The Rest of the Story
Order it today or read an excerpt from the book below:
Once we got home, dinner was served.
“All I am saying,” Celeste said as she picked up her burger, “is that I want you to be careful.”
“Mom,” my cousin Bailey replied. “You don’t have to give me this same lecture every summer.”
“Apparently, I do. Because you’re already hanging out with yacht club boys.”
“They’re not all alike, you know.”
“They’re alike enough,” Aunt Celeste told her. Mimi, at the head of the table, shot her a look over the bowl of potato salad between them. “What? You know what I’m worried about. I mean, we all know what happened when Waver—”
There was the sound of a thump under the table, and Celeste winced. The sudden silence that followed was awkward, not only for the kick Mimi had just given her, but the fact that we all knew it was to protect my feelings.
This was actually the second time my mom had come up since I’d left the raft. The first had been when I was riding back with Roo. Unlike when I’d gone out with Jack, we were side by side. So I was able to get quick glimpses of him, taking in the way his white-blond hair stuck up a bit in the back, the tattoo on one calf that was a series of numbers, and the way that he waved at every boat we passed, flashing a big grin. For all my own glances, he wasn’t looking at me at all, instead squinting ahead, the back of his T-shirt rippling in the strong wind coming off the water. When he finally spoke, it took me by surprise.
“I’m sorry about your mom.”
Even though it had been five years and some days, I worried I’d moved on too much. And then there were times like this, when just a mention of her gave me a pinch in my heart. “Thanks,” I said. “I miss her.”
Now he did look at me: I could see it out of the corner of my eye, even as I watched Mimi’s dock—marked with a sign that said FOR USE BY CALVANDER’S GUESTS ONLY—approach. “She and my dad were friends in high school. Chris Price.”
I nodded, as if I’d heard this name, even though I hadn’t. “He still lives here?”
He looked at me for a second. “No, not anymore. I live with my mom.” He pointed to a line of houses down the shore from Mimi’s, each painted a different bright color—yellow, blue, pink, red, and green—and trimmed with white. “Ours is the green one.”
“Who has the pink?”
“Renters, usually,” he said. “Season just started, though.”
“How many people live here year-round?” I asked.
He was slowing the engine now. “More than you’d think. A lot, like Celeste, have houses they rent out for summer.”
“I thought she lived with Mimi,” I said.
“Only from June to August,” he replied. “The rest of the time they have a place up by Blackwood Station, right on the water.”
“Blackwood Station,” I said. “I feel like I’ve heard of that.”
“You probably have. It’s the only boatyard in town. Plus the arcade is right there, and the public beach.”
I looked in that direction, getting my bearings, then back up at Mimi’s house, now right in front of us. As I did, I saw Celeste, standing in the grass, one hand shading her eyes as she looked out at us. I couldn’t make out her expression.
“And Celeste is a Blackwood, right?” I asked.
“She was. Her ex-husband, Silas, runs the boatyard and gas station. Been in his family for generations.”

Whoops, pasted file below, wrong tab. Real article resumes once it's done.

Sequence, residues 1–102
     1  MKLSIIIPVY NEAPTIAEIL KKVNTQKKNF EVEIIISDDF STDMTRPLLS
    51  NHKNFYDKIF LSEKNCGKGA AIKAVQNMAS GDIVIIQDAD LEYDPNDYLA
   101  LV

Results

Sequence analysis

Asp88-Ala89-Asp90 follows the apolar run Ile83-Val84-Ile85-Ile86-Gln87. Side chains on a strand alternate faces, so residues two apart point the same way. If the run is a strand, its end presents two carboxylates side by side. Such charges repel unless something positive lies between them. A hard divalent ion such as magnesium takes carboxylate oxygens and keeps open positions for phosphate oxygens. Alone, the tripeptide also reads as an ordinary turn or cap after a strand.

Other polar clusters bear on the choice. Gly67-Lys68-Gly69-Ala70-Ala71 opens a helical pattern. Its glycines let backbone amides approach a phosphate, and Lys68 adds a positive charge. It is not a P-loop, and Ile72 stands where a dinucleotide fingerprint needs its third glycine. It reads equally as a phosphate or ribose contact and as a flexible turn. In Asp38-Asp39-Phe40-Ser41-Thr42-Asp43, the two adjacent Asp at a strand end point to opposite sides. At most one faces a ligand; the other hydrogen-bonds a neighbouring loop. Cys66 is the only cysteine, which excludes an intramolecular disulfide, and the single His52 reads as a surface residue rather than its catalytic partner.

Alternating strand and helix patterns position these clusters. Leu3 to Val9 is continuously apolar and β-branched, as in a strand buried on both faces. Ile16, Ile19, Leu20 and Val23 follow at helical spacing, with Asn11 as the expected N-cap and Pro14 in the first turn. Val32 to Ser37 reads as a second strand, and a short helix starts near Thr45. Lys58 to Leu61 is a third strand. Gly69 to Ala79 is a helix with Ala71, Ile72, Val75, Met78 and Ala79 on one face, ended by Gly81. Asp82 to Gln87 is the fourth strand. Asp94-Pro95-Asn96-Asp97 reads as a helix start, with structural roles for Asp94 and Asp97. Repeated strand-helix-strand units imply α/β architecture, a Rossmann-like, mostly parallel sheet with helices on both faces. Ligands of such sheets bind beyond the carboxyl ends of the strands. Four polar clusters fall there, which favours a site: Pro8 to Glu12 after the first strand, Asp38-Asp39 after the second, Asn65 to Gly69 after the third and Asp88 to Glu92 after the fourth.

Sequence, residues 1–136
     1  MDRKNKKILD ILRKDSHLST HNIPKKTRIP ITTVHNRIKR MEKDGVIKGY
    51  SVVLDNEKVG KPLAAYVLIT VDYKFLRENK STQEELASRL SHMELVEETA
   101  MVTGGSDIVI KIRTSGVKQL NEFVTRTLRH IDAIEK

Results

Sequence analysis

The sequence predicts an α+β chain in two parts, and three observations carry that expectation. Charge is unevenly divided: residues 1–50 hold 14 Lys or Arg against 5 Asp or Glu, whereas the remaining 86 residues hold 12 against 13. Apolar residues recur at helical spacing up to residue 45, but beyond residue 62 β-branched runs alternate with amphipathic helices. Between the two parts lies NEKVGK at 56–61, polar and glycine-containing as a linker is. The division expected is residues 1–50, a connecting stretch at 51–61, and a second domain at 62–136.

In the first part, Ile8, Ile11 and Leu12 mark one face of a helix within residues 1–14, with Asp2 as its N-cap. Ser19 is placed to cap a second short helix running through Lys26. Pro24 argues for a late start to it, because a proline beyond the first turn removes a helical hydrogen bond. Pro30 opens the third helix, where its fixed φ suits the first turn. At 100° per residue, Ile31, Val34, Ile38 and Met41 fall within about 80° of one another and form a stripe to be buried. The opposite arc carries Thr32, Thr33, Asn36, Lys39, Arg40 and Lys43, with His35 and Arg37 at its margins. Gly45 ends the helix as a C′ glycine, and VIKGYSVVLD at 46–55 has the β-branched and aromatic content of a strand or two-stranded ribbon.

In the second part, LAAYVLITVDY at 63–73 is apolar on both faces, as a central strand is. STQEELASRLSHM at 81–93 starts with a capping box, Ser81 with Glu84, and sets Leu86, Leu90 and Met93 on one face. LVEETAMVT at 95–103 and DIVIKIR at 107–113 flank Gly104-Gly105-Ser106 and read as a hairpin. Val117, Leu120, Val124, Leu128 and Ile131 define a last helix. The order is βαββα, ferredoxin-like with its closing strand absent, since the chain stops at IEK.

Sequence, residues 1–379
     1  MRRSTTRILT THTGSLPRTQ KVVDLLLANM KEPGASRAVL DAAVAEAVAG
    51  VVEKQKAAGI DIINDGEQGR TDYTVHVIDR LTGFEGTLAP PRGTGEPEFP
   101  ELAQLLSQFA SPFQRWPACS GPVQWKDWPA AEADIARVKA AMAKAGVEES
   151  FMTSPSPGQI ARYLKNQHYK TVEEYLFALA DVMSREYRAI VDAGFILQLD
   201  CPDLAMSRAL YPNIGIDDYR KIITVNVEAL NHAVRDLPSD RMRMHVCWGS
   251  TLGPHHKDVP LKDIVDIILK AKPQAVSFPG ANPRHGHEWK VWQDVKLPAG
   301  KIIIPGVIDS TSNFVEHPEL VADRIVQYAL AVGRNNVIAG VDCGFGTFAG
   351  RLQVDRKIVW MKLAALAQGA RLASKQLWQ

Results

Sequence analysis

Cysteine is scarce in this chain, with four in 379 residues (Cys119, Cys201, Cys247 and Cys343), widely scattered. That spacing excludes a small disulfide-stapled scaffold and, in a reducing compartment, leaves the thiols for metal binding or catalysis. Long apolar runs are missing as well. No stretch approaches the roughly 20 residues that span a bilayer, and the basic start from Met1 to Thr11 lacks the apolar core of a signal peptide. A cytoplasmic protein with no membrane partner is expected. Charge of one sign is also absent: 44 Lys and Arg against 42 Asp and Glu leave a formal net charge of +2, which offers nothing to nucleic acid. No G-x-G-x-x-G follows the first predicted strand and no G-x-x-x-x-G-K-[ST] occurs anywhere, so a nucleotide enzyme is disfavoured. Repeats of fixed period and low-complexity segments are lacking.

Now I had something else to add to my family tree. “But you’re not a Blackwood or Calvander,” I said, clarifying.
“Nope.” He cut the engine, letting us drift up to the dock. “Silas, Celeste, my dad, my mom, and yours all went to high school together. There’s only one, the same one we all go to now.”
I tried to picture my own parents at my school, Jackson High, walking the same halls I did with Ryan and Bridget. I couldn’t. Nana Payne and my dad lived in Massachusetts when he was in high school, and my mom was, well, here.
“It’s a lot, all this new information,” I said. “I’m honestly having some trouble keeping up.”
“Well, then you need to start asking people their five sentences.”
I raised my eyebrows. “Their what?”
“It’s a lake thing,” he explained. “The basic idea is that since you meet a ton of people at the beginning of every summer, everyone has to condense their bio down to the main ideas. Thus, five sentences.”
“Right,” I said slowly. “What’s yours?”
He cleared his throat. “Born and bred here at North Lake. High school senior this fall. Work multiple jobs. Want to go to journalism school. Allergic to shellfish.”
“Wow,” I said. “Didn’t see that shellfish part coming.”
“An element of surprise and oddity is crucial with this,” he told me. “Hit me with yours.”
“I need five in all?”
“Start with one.”
“Okay,” I said, thinking it over. “Well, I’m from Lakeview. Also about to be a high school senior.”
“Coming out strong,” he said as we hit a wave, water splashing over the bow. “I like it. Go on.”
“My mom grew up here at the lake,” I continued, “but this is my first real visit. I came once as a kid, but I don’t really remember.”
“Nice,” he said. “Facts and intrigue. Now you need something random and memorable.”
I thought for a second. “People don’t get my humor.”
“I think I’m funny, but other people often don’t laugh.”
“I know that feeling,” he said.
“You do?” I hadn’t met anyone who could relate before.
“Yep,” he said. “Okay, now for the strong finish. Your shellfish allergy, so to speak. What’s it going to be?”
I had to admit, I was feeling the pressure. Especially as the seconds ticked by and nothing came. What could I say? I was nervous to the point of obsessive? I liked organizing things?
Roo did not rush me. He just waited.
Finally, I had it. “I read the obituaries every day.”
His eyes widened. “Seriously?”
I nodded. “Yep.”
“Okay, that is good,” he said, then held his hand up for a high five. I slapped it. “You, in five sentences. Nicely done.”
Me, in five sentences. All facts, some informative, some colorful. Not really all that different from the obits themselves, now that I thought of it. Only shorter, while you’re living, and still have time to add more.